I finally started soldering up and testing the new AIS-gPPT3-1C thruster learning kit prototype. Still needs some tweaks but it’s getting there! In the video I am running the actual gPPT3 test control code, monitoring one of the output channels.
For the kit I found a purple/blue LED with a nice color similarity to the plasma plume. I’ll still need to adjust the timing, probably need to have it pulse a bit faster per shot. I might also include an onboard indicator LED to show when the system is armed and enabled for firing.
The output signals are more idealized from the real thing (thyristor dumping onboard capacitors into a resistive load rather than the pulse transformer or the actual plasma discharge itself), but it is meant more to demonstrate the basic principles of operation of the thruster. Controls, size, mounting, and interface however are the same as the real thruster. In this example, the board is controlled via Arduino, with 5V in, active low enable, and several hundred ms pulse trigger command for firing the thruster, which only fires the LED when armed, at the nominal operating repetition rate of 1/3Hz.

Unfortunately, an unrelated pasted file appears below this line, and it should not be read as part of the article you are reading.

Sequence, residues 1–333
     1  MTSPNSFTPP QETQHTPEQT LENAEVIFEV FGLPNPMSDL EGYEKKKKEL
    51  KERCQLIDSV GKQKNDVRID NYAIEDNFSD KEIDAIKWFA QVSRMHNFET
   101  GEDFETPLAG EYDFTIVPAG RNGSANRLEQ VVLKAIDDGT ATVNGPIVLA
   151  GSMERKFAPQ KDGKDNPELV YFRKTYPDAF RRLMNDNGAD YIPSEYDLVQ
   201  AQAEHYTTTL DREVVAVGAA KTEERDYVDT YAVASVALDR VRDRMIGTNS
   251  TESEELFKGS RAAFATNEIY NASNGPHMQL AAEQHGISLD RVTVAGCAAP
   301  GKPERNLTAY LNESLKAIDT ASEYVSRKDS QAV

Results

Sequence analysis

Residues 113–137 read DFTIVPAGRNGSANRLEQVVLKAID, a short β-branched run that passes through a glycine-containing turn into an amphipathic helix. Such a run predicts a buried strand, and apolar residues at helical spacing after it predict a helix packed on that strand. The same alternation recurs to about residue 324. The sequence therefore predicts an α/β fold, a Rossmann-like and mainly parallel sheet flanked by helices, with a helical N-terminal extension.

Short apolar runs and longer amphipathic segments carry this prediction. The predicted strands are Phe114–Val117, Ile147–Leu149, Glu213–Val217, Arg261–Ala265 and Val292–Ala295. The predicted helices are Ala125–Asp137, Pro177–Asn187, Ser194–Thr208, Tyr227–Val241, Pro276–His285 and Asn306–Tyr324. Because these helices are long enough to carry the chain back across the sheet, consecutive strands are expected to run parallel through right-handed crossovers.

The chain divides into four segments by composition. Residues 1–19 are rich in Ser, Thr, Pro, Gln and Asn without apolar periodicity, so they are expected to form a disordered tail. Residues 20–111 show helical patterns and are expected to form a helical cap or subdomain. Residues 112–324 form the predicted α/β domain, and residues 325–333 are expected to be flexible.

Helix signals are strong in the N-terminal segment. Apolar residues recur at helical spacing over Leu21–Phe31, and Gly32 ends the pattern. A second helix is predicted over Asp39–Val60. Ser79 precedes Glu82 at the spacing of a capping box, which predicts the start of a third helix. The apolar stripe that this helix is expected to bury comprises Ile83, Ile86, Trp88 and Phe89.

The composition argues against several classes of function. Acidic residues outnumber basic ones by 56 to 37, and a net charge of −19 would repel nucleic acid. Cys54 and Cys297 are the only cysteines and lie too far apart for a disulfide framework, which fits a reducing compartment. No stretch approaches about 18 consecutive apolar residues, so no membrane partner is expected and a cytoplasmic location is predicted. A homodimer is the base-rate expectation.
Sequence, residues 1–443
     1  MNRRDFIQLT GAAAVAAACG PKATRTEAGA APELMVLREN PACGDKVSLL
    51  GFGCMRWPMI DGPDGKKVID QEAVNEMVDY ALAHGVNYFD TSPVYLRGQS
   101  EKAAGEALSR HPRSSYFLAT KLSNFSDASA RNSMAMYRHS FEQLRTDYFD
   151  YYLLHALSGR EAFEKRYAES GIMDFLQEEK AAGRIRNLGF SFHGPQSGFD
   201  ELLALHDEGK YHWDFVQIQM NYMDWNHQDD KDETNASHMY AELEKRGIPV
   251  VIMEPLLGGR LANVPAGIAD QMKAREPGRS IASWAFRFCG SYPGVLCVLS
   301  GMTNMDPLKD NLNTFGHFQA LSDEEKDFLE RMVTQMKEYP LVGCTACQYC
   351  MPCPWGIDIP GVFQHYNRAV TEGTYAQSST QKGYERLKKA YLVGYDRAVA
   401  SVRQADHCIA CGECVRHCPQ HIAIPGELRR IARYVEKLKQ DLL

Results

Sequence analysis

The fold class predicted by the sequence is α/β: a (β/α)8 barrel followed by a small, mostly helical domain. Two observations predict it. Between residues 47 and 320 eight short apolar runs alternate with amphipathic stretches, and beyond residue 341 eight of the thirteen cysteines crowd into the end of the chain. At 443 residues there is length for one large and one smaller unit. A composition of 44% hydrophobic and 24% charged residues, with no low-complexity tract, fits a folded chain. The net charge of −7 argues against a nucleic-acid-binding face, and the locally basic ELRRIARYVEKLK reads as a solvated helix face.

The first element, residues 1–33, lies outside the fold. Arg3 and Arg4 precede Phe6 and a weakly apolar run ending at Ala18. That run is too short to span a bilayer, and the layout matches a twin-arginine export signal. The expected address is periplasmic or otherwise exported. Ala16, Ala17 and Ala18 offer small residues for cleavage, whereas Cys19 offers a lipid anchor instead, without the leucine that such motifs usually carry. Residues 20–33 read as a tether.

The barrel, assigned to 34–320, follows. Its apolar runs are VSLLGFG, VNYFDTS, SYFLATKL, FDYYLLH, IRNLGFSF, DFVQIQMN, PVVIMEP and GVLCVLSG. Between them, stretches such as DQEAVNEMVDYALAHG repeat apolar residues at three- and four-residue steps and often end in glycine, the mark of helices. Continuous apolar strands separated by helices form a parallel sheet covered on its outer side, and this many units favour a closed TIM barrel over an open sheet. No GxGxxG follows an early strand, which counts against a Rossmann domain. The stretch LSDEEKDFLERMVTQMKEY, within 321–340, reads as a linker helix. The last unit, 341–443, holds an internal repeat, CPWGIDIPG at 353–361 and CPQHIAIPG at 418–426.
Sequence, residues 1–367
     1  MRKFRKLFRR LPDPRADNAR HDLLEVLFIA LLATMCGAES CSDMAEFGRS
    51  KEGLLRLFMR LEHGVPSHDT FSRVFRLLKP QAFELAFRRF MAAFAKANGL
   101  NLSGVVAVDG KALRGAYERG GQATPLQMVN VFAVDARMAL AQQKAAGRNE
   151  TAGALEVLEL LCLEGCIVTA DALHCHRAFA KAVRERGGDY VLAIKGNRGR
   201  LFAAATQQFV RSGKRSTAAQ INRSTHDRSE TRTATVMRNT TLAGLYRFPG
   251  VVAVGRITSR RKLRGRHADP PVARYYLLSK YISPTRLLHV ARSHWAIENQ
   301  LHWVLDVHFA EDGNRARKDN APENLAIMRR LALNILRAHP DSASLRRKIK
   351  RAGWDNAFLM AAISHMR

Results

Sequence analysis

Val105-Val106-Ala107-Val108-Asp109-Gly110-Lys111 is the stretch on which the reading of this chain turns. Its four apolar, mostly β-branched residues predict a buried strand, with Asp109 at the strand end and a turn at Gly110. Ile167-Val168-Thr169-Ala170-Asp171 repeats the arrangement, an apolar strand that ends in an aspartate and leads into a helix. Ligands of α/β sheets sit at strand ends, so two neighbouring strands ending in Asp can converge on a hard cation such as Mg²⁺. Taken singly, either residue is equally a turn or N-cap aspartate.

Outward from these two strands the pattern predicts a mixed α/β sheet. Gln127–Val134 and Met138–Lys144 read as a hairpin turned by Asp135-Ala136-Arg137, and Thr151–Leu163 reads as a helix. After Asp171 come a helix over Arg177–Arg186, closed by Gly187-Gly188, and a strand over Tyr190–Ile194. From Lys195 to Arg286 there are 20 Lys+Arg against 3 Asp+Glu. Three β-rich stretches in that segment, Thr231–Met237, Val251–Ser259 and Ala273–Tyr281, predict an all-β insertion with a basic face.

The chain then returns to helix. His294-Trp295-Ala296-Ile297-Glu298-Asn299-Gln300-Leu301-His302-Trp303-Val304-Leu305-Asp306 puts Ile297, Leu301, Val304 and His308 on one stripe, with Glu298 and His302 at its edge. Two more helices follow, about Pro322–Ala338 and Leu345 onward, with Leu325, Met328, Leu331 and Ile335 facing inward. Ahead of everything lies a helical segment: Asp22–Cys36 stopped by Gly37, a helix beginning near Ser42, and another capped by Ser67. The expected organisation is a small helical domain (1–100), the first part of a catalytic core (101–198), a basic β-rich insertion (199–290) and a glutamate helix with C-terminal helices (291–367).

I haven’t ordered a 3D printed gPPT3 thruster stack to bolt onto the board over the LED yet for the full test fit, but I’ll probably do that soon, in addition to some housings for the new ePPT1 thruster I’m working on, as well as the ILIS1 learning kit that is underway. Once I finalize the design and work out the bugs, the kit files will also be released open source like the thruster, and kits will also eventually be available on the AIS website.
While it’s a very simple circuit, it can give anyone the opportunity to start getting involved in EP, exploring the control and basic principles of actual electric propulsion systems that have been designed, tested, and even flown in space!